If you like gumbo, then you have used file powder before. This powder has a distinct flavor. Most say it is similar to root beer, but truth is that this one ingredient represents the extraordinary cultures that makeup Louisiana kitchen. From African, European, and Native American, this one ingredient brings together your recipe.
However, because it is so unique, it is also hard to find. You shouldn’t give up your plans of making an incredible gumbo, or another Louisana meal, as some alternatives can add flavor without altering your recipe.
What is File Powder?
Also known as the gumbo file, this powder is made from the dried and ground leaves of the sassafras tree, which is native to North America. Used by the Choctaw Indians for centuries when the Cajuns arrived in the Louisana area, they began using this powder to thicken soups, stews, and gumbos.
Because it is considered a specialty ingredient in certain places, if you are outside of the United States, it will be particularly difficult to find any. If so, you may want to look online. But sometimes things must move along, in which case, don’t fret, there are still options ahead.
These are the file powder substitutes we recommend for you to try:
Traditional gumbo is thickened with file powder, but in some cases, it can be thickened using okra. Many even argue that okra was traditionally used first, but whatever the case is, this food releases a soluble fiber called mucilage. This fiber seems slimy if not cooked well, but it is the ingredient that will thicken your gumbo.
While there isn’t a real number, you can try adding 2 cups of okra to substitute for 1 tablespoon of the file powder. The real difference here is that okra doesn’t add the distinct flavor from the file powder, but it does add the same texture.
A roux is not uncommon in Cajun cuisine, and it can be used in gumbos sometimes. A roux is made from flour mixed with fat, in this case, it can be wheat flour mixed with butter. The color of the roux depends on how long you fry it, but this also alters the flavor of your dish.
Using a roux can thicken your dish, but it can also be used alongside other ingredients, like okra. You must have made a roux before, particularly if you like certain sauces, such as Bechamel or Veloute.
Not a first choice, but in a pinch, you can use cornstarch to thicken your gumbo without changing the flavor at all. If you can’t find any okra or don’t want to go through the trouble of making a roux, then cornstarch can be the next best option.
To add it to your recipe, make sure you mix the cornstarch with water and then add it towards the end of the cooking process. Because cornstarch can dilute the flavor, you may want to add it bit by bit and taste as you go.
Related: Can Cornstarch Go Bad?
Though it may seem surprising, eggplant is a great choice to substitute for file powder. Eggplant is common in order cuisines, from French and Italian to Middle Eastern, that is exactly why it can be used in this case, as it is versatile.
You can cut the eggplant into medium size pieces, season them a bit, and drizzle with some sort of oil, then roast them for flavor.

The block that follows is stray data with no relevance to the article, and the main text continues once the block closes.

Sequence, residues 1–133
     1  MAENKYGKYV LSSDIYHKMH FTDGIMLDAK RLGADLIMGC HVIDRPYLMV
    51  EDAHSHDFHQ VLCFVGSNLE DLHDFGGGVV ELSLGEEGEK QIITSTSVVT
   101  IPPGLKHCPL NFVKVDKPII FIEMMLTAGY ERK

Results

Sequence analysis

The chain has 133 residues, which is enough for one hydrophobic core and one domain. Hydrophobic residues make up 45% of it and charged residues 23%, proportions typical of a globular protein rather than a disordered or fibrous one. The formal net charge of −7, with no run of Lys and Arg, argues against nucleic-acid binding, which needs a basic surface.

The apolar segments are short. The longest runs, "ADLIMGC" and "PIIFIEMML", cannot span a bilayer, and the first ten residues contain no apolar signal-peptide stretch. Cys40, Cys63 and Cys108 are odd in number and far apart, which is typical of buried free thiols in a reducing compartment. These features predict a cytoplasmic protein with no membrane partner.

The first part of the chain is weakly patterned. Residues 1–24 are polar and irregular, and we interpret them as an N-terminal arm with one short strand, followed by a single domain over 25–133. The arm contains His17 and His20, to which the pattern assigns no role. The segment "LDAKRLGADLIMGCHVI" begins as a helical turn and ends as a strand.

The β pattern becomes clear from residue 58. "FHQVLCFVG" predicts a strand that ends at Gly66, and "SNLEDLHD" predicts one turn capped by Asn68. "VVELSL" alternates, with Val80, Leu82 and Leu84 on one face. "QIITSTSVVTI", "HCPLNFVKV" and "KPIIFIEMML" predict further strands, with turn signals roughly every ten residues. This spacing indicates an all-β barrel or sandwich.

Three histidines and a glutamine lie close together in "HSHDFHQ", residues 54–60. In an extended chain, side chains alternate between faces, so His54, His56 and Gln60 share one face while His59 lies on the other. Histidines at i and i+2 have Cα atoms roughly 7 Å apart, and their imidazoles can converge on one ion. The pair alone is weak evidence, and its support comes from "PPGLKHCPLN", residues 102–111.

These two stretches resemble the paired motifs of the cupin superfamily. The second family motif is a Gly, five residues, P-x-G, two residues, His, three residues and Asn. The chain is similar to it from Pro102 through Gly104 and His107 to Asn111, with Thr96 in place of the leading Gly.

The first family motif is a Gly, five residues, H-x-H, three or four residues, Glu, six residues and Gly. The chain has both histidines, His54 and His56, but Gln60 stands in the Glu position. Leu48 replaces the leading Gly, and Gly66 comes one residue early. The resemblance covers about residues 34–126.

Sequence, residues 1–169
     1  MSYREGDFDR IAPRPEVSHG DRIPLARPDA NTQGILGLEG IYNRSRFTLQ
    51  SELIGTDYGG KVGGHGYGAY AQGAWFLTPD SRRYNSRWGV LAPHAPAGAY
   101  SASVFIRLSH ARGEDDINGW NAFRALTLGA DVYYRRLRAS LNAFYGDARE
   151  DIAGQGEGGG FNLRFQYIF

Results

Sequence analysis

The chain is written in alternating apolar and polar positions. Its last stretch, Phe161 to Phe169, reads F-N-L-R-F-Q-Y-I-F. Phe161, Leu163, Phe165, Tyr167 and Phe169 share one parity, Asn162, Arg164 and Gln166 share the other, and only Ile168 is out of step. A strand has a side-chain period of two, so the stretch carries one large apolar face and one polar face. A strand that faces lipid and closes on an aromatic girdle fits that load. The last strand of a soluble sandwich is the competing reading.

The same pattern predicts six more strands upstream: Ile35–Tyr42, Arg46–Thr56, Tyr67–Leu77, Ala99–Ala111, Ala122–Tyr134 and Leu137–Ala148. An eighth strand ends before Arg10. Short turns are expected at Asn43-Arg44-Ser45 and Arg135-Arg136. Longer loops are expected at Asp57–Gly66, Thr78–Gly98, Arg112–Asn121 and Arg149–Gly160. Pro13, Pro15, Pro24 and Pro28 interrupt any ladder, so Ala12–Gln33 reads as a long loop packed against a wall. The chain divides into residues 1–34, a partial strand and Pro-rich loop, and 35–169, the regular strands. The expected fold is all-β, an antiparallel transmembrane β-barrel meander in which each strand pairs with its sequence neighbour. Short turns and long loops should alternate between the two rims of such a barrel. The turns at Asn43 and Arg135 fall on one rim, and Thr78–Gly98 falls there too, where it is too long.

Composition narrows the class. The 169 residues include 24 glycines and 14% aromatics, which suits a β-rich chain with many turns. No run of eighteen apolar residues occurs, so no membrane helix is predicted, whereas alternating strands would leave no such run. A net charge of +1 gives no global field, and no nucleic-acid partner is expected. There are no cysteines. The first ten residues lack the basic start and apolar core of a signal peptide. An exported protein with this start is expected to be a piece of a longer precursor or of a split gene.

Once the eggplant is cooked, you can grind it down, or blend it all. You can add it to your stew, or gumbo, and let it simmer for a few minutes.
#5. Arrowroot Powder
Also not an original choice, arrowroot powder is still a good replacement because it can keep the flavor neutral.
Arrowroot powder can keep a clear appearance when added, but the texture may be different. Try freezing this powder before you use it, as it can create a better thickening effect and overall flavor.
You can use one tablespoon of arrowroot powder with one tablespoon of water for every cup of stew, or gumbo, that you make. Arrowroot has gained popularity lately because it is a healthy thickening agent that won’t add calories but will create a creamy feel to the mouth.
Tips for Using File Powder
It can be scary to use file powder for the first time, as it has a very powerful aroma and flavor, but some things can make your cooking process easier. First, consider that because file powder is so strong, you should aim to begin with a little amount, and then add more if needed, but don’t go beyond what you may want or need.
Add the file powder to your gumbo, or stew, right before serving. If you add it too early, the texture can become stringy and slimy, which means that you should save the powder until right at the end, but if you’re cooking ahead, you may want to hold off until you reheat and serve.
Also important to note, the bark of the sassafras root contains safrole, which is now known to be a carcinogen. While the commercial file powder doesn’t include this ingredient, it is always better to check before you buy it.
The FDA has deemed safrole to be a carcinogen and dangerous, so it has banned products with this ingredient for the market. However, the commercial file powder doesn’t contain this, so it shouldn’t be illegal. It is always best to check with your local regulations though, as laws may vary.
File powder is very aromatic, it smells like eucalyptus and sugar, but it tastes like root beer. When mixed in with a sauce, it will have a similar aroma and flavor to thyme.
The flavor depends on what you add to it. Most gumbos use a mix of ingredients, like a roux, and file powder, or roux and okra. The fat also adds flavor, as most people use animal fats, like lard and butter, to add more taste to it.
It can be very hard to find file powder, especially if you’re not in Louisana, so instead of scratching gumbo off, why don’t you try these choices? Make sure you taste first and consider that some of them are better off added at the end of the cooking process.
*Photo by ezumeimages/depositphotos